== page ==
Did you know there’s a city department dedicated to ensuring compliance with the Americans with Disabilities Act and improving quality of life for persons with disabilities? Are you taking advantage of the resources and services the Department offers to provide accessibility to all of your Neighborhood Council meetings?
The Department on Disability, on behalf of the City of Los Angeles, is committed to ensuring full access to employment, programs, facilities and services through strategic management and partnership education, advocacy, training, research and improved service delivery for the benefit of persons with disabilities, providers of essential resources and policymakers.
The Office on Disability was created in 1975 in response to the Rehabilitation Act of 1973 as a Division within the Mayor’s Office. In 1998, the Mayor and the City Council created the Department on Disabilities, the first of its kind in the nation.
In 1990, the Americans with Disabilities Act (ADA) further expanded Civil rights protections of persons with disabilities. Together, the ADA and the Rehabilitation Act of 1973 require local governments to provide accessibility to public accommodations including: access to public employment, buildings, facilities, programs, social services and transportation.
The Department is responsible for:
- Proposing, developing and implementing policies, programs, services, and activities that will improve the quality of life for persons with disabilities; and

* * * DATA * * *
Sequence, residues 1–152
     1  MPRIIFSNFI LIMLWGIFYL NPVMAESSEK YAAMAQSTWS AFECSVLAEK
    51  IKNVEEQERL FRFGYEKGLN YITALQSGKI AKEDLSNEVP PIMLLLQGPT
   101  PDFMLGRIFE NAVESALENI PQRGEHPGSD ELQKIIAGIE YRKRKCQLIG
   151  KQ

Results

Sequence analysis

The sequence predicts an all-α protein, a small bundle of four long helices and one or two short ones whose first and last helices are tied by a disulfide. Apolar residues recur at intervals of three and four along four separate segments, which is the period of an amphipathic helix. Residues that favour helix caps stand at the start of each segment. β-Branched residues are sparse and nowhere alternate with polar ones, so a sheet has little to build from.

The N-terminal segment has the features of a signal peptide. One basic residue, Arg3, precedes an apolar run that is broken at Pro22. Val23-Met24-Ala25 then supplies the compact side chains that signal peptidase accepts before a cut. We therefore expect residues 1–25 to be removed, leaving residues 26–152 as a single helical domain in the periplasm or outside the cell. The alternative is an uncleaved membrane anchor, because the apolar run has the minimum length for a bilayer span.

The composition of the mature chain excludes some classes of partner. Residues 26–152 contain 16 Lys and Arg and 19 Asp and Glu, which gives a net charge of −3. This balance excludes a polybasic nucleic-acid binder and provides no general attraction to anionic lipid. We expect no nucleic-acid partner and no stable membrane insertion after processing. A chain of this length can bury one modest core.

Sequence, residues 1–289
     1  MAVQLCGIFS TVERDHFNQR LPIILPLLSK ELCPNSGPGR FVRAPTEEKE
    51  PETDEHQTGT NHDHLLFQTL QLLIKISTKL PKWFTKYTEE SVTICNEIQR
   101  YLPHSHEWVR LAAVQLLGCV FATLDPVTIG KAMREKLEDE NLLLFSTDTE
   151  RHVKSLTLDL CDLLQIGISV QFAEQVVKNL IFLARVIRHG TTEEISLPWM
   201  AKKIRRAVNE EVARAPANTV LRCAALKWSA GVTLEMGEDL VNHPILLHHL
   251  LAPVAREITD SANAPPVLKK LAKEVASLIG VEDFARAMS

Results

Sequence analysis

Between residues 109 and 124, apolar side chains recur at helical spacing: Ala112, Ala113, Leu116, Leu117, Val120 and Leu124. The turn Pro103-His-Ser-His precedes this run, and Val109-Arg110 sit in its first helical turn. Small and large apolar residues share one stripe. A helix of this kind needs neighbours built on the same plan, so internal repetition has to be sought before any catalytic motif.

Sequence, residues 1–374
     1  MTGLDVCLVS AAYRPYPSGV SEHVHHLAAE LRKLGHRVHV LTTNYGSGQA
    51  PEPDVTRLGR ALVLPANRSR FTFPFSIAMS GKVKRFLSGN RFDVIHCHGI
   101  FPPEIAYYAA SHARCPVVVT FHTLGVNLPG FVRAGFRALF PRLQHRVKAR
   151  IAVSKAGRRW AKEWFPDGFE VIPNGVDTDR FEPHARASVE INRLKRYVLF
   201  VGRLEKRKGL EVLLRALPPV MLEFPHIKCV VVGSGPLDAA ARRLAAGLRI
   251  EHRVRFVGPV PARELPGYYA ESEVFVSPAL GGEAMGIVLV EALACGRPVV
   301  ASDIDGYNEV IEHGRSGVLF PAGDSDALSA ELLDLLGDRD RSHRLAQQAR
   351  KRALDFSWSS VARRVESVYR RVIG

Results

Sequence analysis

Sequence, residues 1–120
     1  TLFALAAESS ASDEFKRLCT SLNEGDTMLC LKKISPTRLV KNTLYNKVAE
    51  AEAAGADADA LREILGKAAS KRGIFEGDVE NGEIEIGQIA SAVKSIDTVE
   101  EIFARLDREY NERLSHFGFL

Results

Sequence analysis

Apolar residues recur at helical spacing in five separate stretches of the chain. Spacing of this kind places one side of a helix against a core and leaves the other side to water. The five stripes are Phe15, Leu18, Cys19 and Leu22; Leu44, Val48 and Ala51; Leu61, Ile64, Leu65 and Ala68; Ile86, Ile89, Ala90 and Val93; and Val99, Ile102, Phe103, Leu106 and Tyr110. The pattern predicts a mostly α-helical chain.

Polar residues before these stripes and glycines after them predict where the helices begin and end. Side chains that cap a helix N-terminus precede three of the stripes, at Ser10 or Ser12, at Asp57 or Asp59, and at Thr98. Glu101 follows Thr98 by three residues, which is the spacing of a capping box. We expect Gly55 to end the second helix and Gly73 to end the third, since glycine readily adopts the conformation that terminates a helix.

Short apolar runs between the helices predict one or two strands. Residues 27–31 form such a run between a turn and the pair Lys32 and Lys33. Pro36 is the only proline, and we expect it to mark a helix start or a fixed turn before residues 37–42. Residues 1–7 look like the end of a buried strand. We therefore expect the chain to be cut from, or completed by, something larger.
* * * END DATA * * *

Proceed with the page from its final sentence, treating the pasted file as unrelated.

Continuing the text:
- Development and implementation of the City’s federally mandated ADA Transition Plan, which is designed to guide the City into full ADA Compliance; and
- Providing ADA Compliance training for City Departments and private entities.
The Department on Disability and the Commission on Disability work together to respond to the needs and concerns of citizens in the City of Los Angeles. The Commission advocates for people with disabilities and serves in an advisory capacity to the Department. The Commission holds public hearings on critical issues, identifies priority issues to be addressed, and makes recommendations to the Mayor and City Council.
Upon request, Sign Language Interpreters and materials in alternative formats are available to the public for City sponsored meetings and events. All requests for reasonable accommodations must be made at least three working days, or 72 hours in advance of the event or meeting date.
More information about the Department, ADA requirements, and how to request assistance can be found at http://disability.lacity.org.